Wednesday 4 July 2018

Book Club

Bit of a change today. I read in fits and spurts, either not at all or voraciously. At the moment it is the latter, and I get through books in a matter of days. Most of the time I read books about travel or wildlife, at least notionally, but occasionally I pick up (or am passed) something completely left-field that I would be highly unlikely to have chosen myself. Here are the last three things I have read.

Beyond a boundary – CLR James
Described as the best book about cricket ever written, it seems both current as well as obviously written in a different era. The pleasure derived from watching cricket, as well as the skill needed to truly do so remains as current today as the 1960s when it was written, although it covers West Indian cricket from several decades earlier. Those West Indian cricketers around whom so much of the book revolves every keen follower will probably have heard of in passing, but have little idea of who they actually were and what they did - Constantine, Headly and Grace to name but a few - so it was interesting to fill in some historical gaps. I have rarely heard, even on my beloved TMS, cricket strokes described so perfectly. It has a clear political slant, and explores the racial divides in Trinidad and the wider West Indies, but also how cricket shapes a person. A must-read for any lover of the game.

Crossing Open Ground - Barry Lopez 
A fantastic read, exactly my kind of book. Wilderness adventure, exploring nature and the relationships between humans, animals, birds and the land. Set in North America and laid out as a series of essays, this is travel writing of the highest order, supremely considered and thoughtful, beautifully written and compellingly interesting. Set in North America he ranges from the southern deserts to the Alaskan coasts, delving into the past and present alike. Geology, geography, art, science and morals - an all-encompassing view into some of the special areas of the US that have shaped the history of the country and those who call it home. I've read this several times before, and about every five years I feel the need to return to it. This is the kind of book that makes me want to travel as much as possible, even if I could never describe remotely as well as this master of his genre.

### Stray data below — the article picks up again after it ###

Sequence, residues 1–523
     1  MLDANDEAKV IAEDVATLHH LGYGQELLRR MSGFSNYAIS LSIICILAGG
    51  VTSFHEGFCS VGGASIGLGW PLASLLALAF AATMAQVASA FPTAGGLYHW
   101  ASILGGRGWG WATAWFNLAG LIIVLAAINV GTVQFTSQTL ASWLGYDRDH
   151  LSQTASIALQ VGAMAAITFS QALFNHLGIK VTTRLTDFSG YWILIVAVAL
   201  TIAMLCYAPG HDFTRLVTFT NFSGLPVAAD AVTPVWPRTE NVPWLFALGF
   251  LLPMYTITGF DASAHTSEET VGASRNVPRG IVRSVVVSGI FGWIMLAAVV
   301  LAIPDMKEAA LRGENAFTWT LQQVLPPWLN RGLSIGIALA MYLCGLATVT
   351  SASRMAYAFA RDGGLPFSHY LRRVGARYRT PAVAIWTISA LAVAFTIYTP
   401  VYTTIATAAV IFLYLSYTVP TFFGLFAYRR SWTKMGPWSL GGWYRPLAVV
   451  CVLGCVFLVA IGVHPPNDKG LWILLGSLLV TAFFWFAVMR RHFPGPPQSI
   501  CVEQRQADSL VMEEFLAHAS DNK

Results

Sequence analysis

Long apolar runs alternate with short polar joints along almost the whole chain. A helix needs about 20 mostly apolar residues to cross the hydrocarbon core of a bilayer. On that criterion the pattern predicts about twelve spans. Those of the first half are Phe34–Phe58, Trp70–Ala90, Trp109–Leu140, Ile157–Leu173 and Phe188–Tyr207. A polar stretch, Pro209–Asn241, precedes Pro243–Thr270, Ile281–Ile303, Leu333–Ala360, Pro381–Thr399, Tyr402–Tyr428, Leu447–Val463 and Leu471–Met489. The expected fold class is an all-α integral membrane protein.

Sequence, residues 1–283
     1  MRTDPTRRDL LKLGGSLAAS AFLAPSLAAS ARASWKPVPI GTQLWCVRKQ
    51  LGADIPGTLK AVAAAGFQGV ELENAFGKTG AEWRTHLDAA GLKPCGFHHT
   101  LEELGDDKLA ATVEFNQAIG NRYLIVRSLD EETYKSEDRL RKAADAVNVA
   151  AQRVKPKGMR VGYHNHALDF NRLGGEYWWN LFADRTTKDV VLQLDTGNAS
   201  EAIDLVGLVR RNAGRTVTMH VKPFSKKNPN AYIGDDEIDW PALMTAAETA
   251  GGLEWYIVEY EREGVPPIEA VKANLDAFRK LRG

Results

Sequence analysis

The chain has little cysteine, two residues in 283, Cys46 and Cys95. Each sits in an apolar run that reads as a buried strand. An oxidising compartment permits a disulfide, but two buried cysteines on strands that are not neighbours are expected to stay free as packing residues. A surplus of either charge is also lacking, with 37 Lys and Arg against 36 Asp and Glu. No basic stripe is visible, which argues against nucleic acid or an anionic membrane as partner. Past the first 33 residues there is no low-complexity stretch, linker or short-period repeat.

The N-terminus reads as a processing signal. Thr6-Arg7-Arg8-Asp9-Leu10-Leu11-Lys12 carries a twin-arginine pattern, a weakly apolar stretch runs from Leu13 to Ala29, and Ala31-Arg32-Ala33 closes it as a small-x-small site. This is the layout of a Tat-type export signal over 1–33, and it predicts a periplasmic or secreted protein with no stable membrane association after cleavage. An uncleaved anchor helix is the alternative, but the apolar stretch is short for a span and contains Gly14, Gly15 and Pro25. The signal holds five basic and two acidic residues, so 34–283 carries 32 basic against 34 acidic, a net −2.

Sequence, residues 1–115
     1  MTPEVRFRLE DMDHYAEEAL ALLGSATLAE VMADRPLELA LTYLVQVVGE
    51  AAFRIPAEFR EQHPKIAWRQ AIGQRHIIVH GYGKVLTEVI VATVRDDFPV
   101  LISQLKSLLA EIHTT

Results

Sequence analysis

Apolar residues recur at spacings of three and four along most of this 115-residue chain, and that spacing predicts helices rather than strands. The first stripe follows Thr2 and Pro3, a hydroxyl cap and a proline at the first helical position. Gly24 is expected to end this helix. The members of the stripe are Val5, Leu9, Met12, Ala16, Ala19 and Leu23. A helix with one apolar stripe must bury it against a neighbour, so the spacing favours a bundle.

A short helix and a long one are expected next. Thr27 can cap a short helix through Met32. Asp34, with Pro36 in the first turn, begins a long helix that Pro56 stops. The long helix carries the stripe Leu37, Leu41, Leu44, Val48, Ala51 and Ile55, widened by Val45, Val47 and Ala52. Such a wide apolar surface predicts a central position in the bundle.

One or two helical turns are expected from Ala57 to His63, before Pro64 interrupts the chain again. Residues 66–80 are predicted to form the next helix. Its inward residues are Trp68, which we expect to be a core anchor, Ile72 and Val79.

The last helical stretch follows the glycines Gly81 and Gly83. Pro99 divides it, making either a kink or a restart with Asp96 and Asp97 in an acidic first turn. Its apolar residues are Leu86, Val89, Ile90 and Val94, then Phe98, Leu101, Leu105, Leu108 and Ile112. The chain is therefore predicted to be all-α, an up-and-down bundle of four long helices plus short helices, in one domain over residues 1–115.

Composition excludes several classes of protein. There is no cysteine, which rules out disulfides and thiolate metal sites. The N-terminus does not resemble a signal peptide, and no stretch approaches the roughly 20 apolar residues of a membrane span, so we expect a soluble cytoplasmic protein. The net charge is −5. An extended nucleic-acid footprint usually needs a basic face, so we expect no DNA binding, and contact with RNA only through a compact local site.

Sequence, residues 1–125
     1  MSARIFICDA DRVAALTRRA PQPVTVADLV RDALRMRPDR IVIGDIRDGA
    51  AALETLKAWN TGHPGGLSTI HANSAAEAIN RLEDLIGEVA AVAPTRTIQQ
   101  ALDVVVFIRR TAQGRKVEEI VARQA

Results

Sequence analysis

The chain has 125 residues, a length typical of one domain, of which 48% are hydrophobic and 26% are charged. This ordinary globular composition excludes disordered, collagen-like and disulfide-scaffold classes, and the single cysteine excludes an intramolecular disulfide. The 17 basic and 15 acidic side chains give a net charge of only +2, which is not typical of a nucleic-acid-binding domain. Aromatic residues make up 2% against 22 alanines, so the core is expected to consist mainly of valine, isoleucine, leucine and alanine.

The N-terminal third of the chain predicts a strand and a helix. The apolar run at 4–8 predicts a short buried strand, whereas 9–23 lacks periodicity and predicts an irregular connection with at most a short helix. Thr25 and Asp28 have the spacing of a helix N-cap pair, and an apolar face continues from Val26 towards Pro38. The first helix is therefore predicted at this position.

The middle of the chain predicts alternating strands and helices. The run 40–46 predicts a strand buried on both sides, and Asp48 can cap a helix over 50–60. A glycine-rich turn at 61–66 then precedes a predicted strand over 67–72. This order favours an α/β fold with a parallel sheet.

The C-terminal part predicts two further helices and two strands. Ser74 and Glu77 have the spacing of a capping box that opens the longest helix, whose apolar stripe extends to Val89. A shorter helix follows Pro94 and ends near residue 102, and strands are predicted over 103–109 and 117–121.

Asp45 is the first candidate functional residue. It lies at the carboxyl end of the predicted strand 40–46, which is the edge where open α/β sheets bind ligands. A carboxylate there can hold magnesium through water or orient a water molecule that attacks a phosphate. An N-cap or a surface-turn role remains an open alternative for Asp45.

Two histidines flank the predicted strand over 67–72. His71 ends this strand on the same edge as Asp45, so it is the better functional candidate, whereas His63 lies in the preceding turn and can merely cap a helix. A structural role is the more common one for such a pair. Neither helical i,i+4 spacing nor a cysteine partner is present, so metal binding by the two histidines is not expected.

The Garden of Evening Mists – Tan Twan Eng
This is the kind of book that makes Mrs L want to travel, which is a very rare thing indeed. She read this and declared an urge to travel to the Cameron Highlands in Malaysia. Who was I to argue, I had a frequent flyer 'magic voucher' to burn, and so we are off there later this year. I would not have said this was my kind of book at all, but I demolished it in under three days. Set alternately at a hill station in colonial Malaysia during the period immediately after the Second World War and then some years later, this is a story that weaves history and fiction together around the relationship between a Chinese Malay ex-POW and a Japanese gardener. I read it avidly, but remained slightly unfulfilled, feeling that the author had tried to blend too many strands into his narrative, leaving too many questions and stories open. There is also a somewhat ponderous rhythm to it that I cannot put my finger on - a bit florid perhaps? That said I found it impossible to put down, and it kindles an interest in the story of Malayan independence, the mixing of cultures and, once again, parts of the world hugely different from the London underground which is where I read most of it. I'm looking forward to visiting and drinking the local tea.


  1. Take a long glance at Half of a Yellow Sun by Chimamanda Ngozi Adichie. The incredibly unsettling thing is that these things actually happened. Humankind - the civilised ape? I hardly think so. My late evening state is usually bladdered (you may have noticed - my humble non-apologies) but seriously - this is a great book. I believe she's written several others, grab a copy and immerse yourself. If you don't enjoy it you can bill me at but you will.

  2. Not Dark Yet by Mike Harfield is the best book about cricket ever written, and not just because I'm in it.